Parameters related to dose coverage planning for 3DCRT and IMRT are presented in Tables 1 and 2. The results indicated that there was no significant difference between the 3DCRT and IMRT plans in terms of dose homogeneity, but IMRT displayed better PTV dose conformity. Regarding the comparison of PTV1 Dmax, PTV1 Dmean, PTV2 Dmax and PTV2 Dmean, there was no significant difference between the 3DCRT and IMRT plans. The dosimetric details of brainstem, optic chiasm, optic nerves, and lenses revealed no significant differences between the two plans and all of these organs were strictly maintained within the dose limitations. The Dmax and Dmean of PMCs and CSTs were observed in both 3DCRT and IMRT plans (Table 3); however no significant difference was found between the two plans.
Comparison of target volume coverage and OAR sparing between IMRT and IMRT_PMC&CST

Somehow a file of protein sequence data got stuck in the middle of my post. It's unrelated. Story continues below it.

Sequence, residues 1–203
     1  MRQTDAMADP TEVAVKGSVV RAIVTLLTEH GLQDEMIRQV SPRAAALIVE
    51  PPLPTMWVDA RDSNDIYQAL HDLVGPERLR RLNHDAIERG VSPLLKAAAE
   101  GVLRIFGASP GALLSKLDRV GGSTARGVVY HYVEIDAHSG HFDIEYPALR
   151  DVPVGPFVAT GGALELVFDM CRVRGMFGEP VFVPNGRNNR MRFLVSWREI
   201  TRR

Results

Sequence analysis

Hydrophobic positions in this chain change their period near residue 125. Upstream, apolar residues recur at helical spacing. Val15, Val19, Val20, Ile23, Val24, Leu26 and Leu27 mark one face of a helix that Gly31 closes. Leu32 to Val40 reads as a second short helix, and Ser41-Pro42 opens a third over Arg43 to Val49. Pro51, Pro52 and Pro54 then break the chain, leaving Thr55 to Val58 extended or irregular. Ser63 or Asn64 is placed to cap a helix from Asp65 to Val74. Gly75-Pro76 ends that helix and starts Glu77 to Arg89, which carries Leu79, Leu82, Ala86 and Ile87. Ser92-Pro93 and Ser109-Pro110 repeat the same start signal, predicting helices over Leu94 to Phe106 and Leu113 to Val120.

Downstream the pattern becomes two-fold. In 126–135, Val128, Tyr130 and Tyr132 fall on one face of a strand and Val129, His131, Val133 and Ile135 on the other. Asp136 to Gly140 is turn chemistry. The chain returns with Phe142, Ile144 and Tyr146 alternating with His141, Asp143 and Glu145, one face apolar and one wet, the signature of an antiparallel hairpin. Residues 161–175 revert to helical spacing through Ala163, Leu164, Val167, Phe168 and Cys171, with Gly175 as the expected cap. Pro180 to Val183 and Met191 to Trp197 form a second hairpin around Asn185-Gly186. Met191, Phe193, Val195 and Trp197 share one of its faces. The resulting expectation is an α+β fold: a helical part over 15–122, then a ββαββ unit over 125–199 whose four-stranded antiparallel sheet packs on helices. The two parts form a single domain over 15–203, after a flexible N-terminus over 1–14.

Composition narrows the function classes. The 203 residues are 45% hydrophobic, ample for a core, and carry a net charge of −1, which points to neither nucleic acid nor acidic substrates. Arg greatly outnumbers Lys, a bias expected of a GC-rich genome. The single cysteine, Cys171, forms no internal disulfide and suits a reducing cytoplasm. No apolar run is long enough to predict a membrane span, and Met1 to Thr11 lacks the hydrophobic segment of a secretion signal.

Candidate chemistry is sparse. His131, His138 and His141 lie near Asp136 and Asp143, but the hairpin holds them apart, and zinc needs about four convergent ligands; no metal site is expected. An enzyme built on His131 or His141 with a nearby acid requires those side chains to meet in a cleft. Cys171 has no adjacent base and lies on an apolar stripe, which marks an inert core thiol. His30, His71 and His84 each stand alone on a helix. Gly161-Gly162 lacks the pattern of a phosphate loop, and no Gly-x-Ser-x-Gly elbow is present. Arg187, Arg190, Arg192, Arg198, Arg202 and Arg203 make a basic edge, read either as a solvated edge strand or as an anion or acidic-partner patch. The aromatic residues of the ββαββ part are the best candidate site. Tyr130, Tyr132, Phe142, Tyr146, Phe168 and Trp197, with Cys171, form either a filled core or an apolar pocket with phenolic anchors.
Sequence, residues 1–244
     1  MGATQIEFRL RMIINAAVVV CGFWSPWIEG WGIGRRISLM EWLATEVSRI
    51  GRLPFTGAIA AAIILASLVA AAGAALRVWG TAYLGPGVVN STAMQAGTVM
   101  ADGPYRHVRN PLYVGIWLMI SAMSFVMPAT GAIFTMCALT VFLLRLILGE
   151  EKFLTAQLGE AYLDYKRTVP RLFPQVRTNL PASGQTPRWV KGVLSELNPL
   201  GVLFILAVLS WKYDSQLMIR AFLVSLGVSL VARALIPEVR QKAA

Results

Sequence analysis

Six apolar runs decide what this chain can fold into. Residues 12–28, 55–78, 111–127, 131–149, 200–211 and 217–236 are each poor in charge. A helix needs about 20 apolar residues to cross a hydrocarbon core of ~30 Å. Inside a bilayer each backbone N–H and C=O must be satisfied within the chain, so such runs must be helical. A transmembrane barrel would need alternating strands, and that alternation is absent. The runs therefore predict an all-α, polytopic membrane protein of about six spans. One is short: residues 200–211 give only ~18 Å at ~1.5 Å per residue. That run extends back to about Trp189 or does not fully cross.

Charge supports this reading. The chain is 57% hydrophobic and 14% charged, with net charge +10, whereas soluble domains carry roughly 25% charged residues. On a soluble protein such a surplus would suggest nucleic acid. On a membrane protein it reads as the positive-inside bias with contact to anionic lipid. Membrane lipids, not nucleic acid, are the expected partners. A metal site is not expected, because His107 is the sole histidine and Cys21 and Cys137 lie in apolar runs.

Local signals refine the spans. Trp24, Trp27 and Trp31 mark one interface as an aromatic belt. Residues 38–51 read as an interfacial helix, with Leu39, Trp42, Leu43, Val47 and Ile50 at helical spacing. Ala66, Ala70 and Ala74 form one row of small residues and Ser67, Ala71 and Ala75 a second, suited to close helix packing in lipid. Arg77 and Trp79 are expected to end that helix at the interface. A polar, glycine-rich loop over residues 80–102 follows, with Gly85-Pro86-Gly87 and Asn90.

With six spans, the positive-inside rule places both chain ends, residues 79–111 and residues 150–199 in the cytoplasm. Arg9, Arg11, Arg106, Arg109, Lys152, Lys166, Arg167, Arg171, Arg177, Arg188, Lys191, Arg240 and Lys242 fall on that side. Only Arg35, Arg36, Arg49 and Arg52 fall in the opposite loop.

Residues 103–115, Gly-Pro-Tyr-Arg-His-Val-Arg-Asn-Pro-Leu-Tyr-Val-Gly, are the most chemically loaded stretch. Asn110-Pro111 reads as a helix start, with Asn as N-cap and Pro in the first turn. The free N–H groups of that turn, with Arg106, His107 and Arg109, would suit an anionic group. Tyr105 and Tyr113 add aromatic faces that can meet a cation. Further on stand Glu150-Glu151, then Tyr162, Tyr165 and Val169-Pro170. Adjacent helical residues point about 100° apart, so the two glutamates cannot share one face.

Treatment plan parameters are shown in Tables 4 and 5. According to the data presented, both PTV1 and PTV2 (Dmax, Dmean, CI and HI) were analyzed and showed no significant differences between two groups. The Dmax and Dmean to these conventional OARs (e.g., brainstem, optic chiasm, optic nerves, and lenses) showed no significant differences between the two plans. The Dmax to the ipsilateral and contralateral PMC and CST regions was considerably decreased by 28.7%, 24.5%, 20.2% and 37.6%, respectively. The Dmean to the ipsilateral and contralateral PMC and CST regions was considerably decreased by 27.8%, 30.4%, 23.1% and 33.4%, respectively (Table 6).